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SALT LAKE CITY — Asthma attacks can come on suddenly and need to be treated immediately. AsthmaAlly, a new app, eliminates the need to recall pertinent information in a time of stress.
Someone suffering from an attack may not be thinking clearly when they rush to a doctor to be treated. Simple questions about their behavior — and what may have triggered the attack — may be difficult for them to recall as they struggle to cope with their asthma.
In 2010, Josh Dees found himself talking with Dr. Richard Hendershot at IHC. The emergency visit was plagued with misinformation and Dees struggled to remember details about his prescription and behavior that had led to his asthma attack.
The two started talking about the possibility of an app that could be updated in less critical situations and contain information about exercise and medication that would result in a better diagnosis for a patient with asthma or chronic sinus allergies. In the course of their brainstorming, AsthmaAlly was born.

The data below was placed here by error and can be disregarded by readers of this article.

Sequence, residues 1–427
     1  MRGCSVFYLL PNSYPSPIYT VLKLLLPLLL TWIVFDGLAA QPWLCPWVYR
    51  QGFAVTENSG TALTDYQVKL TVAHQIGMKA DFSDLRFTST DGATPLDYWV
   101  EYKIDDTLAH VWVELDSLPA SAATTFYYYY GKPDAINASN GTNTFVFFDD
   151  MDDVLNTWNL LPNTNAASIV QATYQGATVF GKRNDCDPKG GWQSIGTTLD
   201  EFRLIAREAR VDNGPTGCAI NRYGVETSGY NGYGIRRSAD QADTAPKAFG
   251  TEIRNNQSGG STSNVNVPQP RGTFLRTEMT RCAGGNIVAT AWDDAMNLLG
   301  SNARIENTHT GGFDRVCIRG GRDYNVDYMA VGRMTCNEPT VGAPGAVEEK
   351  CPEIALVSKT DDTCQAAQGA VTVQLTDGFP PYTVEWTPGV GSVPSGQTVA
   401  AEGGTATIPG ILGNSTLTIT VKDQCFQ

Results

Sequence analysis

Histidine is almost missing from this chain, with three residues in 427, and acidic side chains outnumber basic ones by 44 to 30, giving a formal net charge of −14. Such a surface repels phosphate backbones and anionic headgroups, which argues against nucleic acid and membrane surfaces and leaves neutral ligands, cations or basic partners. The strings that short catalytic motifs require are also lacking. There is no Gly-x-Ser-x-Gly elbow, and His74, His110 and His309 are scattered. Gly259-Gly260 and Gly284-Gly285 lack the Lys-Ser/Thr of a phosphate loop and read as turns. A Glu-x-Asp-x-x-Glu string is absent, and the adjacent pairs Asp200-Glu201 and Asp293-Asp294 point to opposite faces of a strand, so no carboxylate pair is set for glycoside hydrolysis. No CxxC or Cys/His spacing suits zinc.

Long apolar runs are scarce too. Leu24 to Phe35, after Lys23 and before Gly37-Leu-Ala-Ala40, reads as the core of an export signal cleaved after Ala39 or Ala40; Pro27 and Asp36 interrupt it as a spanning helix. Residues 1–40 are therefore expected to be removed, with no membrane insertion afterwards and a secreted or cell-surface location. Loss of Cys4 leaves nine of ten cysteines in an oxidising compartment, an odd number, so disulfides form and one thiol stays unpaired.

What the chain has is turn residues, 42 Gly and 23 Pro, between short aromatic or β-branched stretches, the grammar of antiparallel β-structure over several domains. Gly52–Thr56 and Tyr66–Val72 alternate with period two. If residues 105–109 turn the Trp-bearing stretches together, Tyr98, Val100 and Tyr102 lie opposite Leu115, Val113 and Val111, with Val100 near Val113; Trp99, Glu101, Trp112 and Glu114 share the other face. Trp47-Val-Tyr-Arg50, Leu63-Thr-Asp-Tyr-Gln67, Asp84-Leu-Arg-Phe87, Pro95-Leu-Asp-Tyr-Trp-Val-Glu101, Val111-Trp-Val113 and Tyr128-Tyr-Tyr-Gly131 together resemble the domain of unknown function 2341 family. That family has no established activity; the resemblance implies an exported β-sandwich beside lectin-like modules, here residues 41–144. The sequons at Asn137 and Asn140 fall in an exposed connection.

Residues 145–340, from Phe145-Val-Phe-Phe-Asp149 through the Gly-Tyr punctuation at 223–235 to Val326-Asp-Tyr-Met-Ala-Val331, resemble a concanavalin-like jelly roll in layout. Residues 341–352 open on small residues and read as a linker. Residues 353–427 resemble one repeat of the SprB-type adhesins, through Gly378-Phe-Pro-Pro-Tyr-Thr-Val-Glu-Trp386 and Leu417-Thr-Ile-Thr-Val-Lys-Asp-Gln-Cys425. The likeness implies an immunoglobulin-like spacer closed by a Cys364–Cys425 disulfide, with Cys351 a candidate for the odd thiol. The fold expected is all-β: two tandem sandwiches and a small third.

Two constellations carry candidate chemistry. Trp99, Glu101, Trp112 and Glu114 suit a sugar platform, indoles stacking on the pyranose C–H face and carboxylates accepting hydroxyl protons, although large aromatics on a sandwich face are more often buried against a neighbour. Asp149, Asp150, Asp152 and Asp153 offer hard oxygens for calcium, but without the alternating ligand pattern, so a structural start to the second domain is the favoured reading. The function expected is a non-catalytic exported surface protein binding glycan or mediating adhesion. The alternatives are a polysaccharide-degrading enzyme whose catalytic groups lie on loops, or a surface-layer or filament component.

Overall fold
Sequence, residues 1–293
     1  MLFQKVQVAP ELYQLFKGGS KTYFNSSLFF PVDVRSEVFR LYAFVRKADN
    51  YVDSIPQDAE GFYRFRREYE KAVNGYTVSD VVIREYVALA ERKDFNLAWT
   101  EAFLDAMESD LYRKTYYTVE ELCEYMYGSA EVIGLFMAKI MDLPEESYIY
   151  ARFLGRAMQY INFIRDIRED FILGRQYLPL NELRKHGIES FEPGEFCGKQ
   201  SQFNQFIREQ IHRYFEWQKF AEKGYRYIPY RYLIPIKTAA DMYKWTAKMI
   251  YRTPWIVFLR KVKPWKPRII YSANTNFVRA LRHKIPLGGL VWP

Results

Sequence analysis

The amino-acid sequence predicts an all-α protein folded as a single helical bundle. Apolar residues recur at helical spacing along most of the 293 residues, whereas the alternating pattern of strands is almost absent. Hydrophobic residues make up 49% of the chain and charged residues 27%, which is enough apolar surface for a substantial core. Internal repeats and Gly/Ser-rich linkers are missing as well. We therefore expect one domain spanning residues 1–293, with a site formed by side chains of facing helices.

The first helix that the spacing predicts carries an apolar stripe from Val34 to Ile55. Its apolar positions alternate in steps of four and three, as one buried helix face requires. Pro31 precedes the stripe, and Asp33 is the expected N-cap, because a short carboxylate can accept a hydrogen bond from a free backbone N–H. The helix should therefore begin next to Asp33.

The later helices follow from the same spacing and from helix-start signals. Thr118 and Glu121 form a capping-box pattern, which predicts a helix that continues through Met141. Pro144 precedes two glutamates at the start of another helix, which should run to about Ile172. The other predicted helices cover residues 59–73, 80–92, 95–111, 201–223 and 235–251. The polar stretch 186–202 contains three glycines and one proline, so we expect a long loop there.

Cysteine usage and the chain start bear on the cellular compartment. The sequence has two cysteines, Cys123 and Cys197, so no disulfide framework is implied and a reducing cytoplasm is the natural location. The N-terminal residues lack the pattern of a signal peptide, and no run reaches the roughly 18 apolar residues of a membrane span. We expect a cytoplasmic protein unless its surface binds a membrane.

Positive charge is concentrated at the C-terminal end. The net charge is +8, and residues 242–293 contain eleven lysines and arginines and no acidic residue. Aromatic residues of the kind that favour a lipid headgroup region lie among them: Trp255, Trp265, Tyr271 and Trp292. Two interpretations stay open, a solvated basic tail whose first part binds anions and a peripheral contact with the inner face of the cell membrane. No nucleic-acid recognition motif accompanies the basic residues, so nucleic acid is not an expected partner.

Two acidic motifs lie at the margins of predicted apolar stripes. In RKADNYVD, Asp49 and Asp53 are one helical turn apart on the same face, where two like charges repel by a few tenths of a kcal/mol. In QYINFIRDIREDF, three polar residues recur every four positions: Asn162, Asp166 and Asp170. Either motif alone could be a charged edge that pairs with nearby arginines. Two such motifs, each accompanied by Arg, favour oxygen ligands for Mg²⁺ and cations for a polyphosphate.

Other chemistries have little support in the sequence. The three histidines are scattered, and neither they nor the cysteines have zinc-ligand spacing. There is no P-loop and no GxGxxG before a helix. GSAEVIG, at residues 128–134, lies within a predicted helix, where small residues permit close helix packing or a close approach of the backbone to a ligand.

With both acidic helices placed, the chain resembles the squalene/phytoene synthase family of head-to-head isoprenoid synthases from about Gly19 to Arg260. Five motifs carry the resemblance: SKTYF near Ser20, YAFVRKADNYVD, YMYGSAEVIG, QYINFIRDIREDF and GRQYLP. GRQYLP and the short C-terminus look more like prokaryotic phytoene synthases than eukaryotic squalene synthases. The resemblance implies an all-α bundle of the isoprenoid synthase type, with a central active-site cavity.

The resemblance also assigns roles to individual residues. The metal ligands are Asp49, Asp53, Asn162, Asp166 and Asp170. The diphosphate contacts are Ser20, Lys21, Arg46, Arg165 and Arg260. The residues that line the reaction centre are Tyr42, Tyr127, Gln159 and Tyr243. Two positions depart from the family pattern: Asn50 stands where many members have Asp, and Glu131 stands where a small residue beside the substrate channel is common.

“Without pertinent data points relevant to the patient’s individualized experience, doctors are left to prescribe based upon their own background and experience — which treatments and medications do they prefer given generalized symptoms,” allergy and immunology specialist Hendershot said in a release. “AsthmaAlly takes the focus off the attending physician and puts it back where it should be, on the patient and the particulars of his or her background and symptoms.”
Patients submit information about their day — in as much detail as they choose — and the data is compared with other patients in the doctor’s practice, as well as air quality data at the time and place of the report. Parent company OSIA Medical took pains to secure the proper HIPPA and government approvals to compare patient data.
Available on Android, iPhone and Windows phones, the app aims to revolutionize the way asthma patients treat their disease and prevent any tragedies.